PARSIPANNY, N.J.—Maternal vitamin E status in the first trimester may influence the risk of early pregnancy loss, according to research supported by DSM. (American Journal of Clinical Nutrition. 2014, Nov. Online. DOI: 10.3945/ ajcn.114.094920)
In rural Bangladesh, which is a typically undernourished population, alpha-tocopherol and gamma-tocopherol plasma status was measured in 1,605 women. According to the Institute of Medicine (IOM), alpha-tocopherol accounts for vitamin E activity. In the study, 1,161 of the women (72.3 percent) had low-to-deficient vitamin E status defined by a plasma alpha-tocopherol concentration of <12.0 µmol/L. The most important finding was that women with low alpha-tocopherol concentrations were almost twice as likely to miscarry compared to women with normal status. Women with low gamma-tocopherol status were also significantly more likely to miscarry than those with higher concentrations.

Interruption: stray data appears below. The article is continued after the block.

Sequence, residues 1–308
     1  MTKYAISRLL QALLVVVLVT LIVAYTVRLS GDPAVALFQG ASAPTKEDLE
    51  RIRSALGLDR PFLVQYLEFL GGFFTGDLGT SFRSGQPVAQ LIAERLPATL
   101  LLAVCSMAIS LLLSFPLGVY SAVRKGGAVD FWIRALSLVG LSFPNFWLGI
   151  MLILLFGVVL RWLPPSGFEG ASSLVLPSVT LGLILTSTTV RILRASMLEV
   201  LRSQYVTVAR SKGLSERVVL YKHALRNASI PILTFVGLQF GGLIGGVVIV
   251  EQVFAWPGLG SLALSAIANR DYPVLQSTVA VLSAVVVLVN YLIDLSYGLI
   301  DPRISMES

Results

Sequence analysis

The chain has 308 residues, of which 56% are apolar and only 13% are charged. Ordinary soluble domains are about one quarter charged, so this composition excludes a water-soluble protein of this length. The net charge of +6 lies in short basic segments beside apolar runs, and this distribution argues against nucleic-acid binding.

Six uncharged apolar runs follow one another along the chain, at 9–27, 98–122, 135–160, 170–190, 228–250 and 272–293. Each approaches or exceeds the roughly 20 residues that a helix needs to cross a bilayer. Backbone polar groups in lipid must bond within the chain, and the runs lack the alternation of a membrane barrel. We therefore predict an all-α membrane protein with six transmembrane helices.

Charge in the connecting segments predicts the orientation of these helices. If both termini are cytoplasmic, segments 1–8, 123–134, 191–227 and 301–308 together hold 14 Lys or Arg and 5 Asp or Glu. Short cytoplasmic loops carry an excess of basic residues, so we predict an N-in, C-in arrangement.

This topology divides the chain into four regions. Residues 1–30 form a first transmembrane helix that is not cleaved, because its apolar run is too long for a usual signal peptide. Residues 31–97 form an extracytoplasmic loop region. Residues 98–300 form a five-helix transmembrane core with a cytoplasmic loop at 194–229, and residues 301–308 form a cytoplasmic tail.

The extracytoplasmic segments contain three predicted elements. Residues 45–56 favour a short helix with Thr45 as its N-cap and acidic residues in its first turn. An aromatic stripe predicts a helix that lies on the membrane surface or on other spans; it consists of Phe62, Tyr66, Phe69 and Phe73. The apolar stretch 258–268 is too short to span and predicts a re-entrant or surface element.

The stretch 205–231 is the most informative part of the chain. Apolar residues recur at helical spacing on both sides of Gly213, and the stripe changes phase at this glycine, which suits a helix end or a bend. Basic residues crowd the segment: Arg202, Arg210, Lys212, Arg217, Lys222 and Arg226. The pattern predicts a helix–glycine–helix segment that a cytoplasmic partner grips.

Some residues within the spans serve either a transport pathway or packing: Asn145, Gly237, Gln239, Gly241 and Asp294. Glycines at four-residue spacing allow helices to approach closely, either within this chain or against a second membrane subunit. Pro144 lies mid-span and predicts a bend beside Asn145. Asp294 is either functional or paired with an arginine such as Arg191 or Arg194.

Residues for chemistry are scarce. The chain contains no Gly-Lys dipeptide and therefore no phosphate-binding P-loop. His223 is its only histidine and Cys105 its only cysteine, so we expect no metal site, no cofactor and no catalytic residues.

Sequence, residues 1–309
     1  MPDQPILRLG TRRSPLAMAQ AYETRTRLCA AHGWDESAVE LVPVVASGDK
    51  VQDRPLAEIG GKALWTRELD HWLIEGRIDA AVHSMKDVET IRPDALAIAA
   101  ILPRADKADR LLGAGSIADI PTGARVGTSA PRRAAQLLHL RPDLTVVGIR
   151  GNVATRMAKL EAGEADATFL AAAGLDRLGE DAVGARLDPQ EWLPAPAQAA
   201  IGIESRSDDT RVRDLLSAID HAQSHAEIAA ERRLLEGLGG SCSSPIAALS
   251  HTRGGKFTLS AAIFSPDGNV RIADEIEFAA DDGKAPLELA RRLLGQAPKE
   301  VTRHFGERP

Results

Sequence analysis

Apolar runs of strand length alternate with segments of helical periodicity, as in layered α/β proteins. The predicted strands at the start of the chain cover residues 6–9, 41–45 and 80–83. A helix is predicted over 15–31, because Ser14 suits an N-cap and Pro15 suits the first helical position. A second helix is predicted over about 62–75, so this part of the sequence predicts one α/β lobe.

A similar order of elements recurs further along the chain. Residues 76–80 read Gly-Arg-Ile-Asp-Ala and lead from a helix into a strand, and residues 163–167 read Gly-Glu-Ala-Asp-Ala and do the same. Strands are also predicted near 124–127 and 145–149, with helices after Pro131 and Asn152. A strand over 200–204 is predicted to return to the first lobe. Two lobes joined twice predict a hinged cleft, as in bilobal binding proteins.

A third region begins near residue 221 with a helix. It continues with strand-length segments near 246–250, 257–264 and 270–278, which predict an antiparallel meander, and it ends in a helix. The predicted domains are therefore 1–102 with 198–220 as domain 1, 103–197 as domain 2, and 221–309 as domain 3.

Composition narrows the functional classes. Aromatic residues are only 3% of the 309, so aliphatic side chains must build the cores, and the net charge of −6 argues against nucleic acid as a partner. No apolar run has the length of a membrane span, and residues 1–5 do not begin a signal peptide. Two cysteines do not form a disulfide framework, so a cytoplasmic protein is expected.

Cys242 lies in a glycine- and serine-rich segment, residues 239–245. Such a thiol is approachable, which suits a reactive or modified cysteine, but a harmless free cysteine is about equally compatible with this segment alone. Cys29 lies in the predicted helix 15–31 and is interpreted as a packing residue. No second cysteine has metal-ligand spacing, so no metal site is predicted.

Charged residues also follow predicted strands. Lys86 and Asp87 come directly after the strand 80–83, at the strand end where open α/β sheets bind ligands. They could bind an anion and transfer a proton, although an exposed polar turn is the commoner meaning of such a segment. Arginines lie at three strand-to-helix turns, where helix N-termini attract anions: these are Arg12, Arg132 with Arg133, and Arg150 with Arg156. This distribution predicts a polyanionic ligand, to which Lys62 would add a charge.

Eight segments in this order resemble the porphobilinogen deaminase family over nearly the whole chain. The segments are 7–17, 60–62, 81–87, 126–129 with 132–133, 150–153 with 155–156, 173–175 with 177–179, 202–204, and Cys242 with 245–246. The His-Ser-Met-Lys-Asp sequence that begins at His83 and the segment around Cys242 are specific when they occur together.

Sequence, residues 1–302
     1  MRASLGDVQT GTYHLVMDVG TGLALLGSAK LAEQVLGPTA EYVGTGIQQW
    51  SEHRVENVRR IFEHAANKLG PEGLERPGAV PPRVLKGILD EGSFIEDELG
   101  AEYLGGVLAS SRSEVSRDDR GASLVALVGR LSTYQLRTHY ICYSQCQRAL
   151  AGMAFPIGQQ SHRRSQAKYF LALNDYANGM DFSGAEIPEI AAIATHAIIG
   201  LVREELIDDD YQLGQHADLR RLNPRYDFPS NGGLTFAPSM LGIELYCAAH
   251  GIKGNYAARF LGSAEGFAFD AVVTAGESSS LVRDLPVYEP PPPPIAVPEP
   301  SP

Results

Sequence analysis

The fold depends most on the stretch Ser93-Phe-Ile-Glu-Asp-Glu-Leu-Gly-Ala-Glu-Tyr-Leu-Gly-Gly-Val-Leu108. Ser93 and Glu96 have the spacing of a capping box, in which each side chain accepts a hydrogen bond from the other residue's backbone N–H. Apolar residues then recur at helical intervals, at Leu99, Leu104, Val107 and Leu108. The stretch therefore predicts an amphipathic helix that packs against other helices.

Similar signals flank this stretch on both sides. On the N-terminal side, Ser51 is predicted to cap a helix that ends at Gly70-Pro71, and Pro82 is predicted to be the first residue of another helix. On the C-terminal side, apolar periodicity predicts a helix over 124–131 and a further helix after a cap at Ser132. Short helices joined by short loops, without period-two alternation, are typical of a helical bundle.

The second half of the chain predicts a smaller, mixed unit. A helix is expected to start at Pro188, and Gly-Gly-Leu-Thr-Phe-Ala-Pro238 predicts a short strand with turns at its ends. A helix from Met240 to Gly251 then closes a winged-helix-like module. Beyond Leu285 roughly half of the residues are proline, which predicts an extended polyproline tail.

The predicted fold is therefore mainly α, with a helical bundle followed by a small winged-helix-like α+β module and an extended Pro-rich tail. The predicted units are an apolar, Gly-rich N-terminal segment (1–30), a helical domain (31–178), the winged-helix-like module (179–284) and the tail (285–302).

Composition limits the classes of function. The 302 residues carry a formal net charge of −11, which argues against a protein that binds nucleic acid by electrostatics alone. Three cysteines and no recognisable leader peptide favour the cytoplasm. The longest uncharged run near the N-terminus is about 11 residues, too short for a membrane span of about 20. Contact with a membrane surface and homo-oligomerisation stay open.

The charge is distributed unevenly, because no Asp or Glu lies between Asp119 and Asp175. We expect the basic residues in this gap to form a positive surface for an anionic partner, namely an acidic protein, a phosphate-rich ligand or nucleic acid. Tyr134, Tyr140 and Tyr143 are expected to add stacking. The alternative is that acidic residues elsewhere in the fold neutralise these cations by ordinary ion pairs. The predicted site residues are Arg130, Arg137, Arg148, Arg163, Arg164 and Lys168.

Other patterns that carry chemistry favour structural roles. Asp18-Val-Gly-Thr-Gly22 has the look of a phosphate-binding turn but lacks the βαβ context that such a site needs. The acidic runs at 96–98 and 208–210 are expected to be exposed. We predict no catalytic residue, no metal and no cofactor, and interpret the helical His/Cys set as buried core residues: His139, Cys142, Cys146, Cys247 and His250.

Vitamin E status is rarely assessed in pregnant women in undernourished populations. The cutoff of plasma a-tocopherol concentration 12.0 µmol/L was proposed to define vitamin E deficiency in normal, healthy adults. However, to date, there is no consensus on the definition of vitamin E deficiency in pregnant women because alpha-tocopherol concentrations increase with blood lipids over the course of pregnancy.
The findings show an association between adequate alpha-tocopherol status and reduced risk of miscarriage in human populations, inviting future study of potential beneficial effects of achieving adequate vitamin E status during pregnancy.